Developing the TIL platform also required the collaborative efforts of many researchers and clinicians to get the program off the ground. Pam credits several key individuals including medical oncologists Drs. Ian Quirt and David Hogg, surgeons Drs. Alexandra Easson, Wey Leong, David McCready, Michael Reedijk and Director of Dermatopathology, Dr. Danny Ghazarian, and Dr. Hans Messner, all at the Princess Margaret Cancer Centre in Toronto, for their roles in helping start and develop the TIL program. Dr. Malcolm Moore, Director of the Drug Development Program at the Princess Margaret Cancer Centre, was crucial in coordinating the clinical network for the program, as was Marcia Flynn-Post, Nurse Manager for clinical trials at the Princess Margaret. More recently, Dr. Anthony Joshua and Dr. Marcus Butler, both medical oncologists at the Princess Margaret, and Drs. Michael Crump and Norman Franke, have also joined and are important figures in the TIL therapy group.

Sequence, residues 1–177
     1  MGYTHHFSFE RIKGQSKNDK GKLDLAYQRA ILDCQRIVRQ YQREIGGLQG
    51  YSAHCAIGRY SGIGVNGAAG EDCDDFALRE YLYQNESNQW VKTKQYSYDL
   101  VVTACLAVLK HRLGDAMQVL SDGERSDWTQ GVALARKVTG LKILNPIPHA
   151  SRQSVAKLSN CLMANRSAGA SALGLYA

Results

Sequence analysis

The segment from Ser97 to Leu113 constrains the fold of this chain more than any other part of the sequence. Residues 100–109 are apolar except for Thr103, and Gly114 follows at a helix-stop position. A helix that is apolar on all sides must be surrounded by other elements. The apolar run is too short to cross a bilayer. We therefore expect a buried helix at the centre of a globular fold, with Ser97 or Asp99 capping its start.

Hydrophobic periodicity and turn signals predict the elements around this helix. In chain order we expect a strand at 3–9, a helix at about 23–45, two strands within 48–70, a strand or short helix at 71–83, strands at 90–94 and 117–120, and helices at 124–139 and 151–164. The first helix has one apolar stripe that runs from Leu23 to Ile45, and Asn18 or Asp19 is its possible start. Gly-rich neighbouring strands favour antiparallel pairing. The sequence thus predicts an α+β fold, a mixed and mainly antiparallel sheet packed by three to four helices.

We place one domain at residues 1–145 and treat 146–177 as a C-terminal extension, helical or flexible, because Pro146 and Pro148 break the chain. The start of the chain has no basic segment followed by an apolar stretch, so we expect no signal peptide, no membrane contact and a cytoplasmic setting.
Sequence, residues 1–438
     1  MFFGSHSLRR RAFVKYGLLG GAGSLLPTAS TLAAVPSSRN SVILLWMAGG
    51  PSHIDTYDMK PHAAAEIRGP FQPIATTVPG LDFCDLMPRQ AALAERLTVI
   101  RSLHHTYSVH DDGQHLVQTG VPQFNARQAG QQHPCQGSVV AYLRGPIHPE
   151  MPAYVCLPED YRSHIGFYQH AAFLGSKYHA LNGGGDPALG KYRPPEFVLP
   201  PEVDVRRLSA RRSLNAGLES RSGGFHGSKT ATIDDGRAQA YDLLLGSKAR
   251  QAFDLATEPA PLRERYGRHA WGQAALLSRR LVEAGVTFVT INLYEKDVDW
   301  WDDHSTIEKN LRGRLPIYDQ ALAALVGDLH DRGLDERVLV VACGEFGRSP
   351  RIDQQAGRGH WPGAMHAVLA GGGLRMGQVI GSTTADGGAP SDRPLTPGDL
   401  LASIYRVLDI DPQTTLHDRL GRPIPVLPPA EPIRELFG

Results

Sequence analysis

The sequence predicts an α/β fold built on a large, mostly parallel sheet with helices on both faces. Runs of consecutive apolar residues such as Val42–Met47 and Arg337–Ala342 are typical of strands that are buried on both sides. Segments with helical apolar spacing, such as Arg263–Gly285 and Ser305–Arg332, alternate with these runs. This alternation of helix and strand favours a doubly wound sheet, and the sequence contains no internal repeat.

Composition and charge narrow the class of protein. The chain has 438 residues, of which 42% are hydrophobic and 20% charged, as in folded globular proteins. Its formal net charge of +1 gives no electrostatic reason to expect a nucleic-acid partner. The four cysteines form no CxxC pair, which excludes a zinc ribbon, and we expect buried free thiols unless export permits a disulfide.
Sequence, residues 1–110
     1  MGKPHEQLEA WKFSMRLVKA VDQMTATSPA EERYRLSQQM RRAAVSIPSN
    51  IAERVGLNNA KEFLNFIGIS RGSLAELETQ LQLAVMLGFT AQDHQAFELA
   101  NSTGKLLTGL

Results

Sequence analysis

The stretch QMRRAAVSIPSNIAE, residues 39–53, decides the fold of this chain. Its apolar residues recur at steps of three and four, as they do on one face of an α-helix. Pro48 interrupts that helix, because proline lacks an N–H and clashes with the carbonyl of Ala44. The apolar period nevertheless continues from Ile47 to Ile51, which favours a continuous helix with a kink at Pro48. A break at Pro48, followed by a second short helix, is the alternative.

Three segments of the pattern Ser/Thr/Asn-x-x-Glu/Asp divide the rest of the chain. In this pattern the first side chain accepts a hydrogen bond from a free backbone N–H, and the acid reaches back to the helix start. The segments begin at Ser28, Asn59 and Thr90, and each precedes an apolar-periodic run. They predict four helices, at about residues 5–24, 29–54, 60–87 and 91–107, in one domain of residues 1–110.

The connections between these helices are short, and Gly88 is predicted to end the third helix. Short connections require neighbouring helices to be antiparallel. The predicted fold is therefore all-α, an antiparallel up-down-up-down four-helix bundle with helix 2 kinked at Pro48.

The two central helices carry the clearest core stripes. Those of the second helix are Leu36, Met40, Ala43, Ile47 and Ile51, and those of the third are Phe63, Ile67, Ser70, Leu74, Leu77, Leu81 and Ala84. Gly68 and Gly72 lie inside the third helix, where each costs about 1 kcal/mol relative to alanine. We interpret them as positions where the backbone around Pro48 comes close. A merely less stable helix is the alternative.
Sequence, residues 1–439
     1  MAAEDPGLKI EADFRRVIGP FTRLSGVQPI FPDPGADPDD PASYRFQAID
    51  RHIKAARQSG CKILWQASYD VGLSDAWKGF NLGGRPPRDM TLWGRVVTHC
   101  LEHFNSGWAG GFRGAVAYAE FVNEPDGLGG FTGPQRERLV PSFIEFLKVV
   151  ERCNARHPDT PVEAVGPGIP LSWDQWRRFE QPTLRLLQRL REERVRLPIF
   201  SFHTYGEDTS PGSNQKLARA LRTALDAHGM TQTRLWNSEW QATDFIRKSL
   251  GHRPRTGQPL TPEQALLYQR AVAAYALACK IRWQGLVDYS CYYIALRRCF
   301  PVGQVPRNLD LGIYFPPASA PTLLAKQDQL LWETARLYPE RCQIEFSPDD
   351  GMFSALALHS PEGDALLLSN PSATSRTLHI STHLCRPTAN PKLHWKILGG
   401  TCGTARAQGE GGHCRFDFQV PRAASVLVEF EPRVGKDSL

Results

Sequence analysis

The TIL generation process that Pam and Linh set up in Toronto involves many steps. To culture TILs, eligible patients first undergo blood tests and also have a sample of their cancer surgically removed. The TILs are then grown out from the tumour specimen and assessed for their suitability to produce a therapeutic product. These TILs are then stored in a cryopreserved state and samples are also tested to ensure that there is no microbial contamination.
Once it has been decided that a patient will undergo investigational treatment with TILs, a culture step is carried out using the cryopreserved TILs to rapidly expand the number of TILs to the levels required for infusion. During this time, the patient would undergo the lymphodepleting chemotherapy that was part of the Rosenberg protocol. After the patient completes the preparative chemotherapy, the TILs are infused fresh without additional cryopreservation.
Why TIL therapy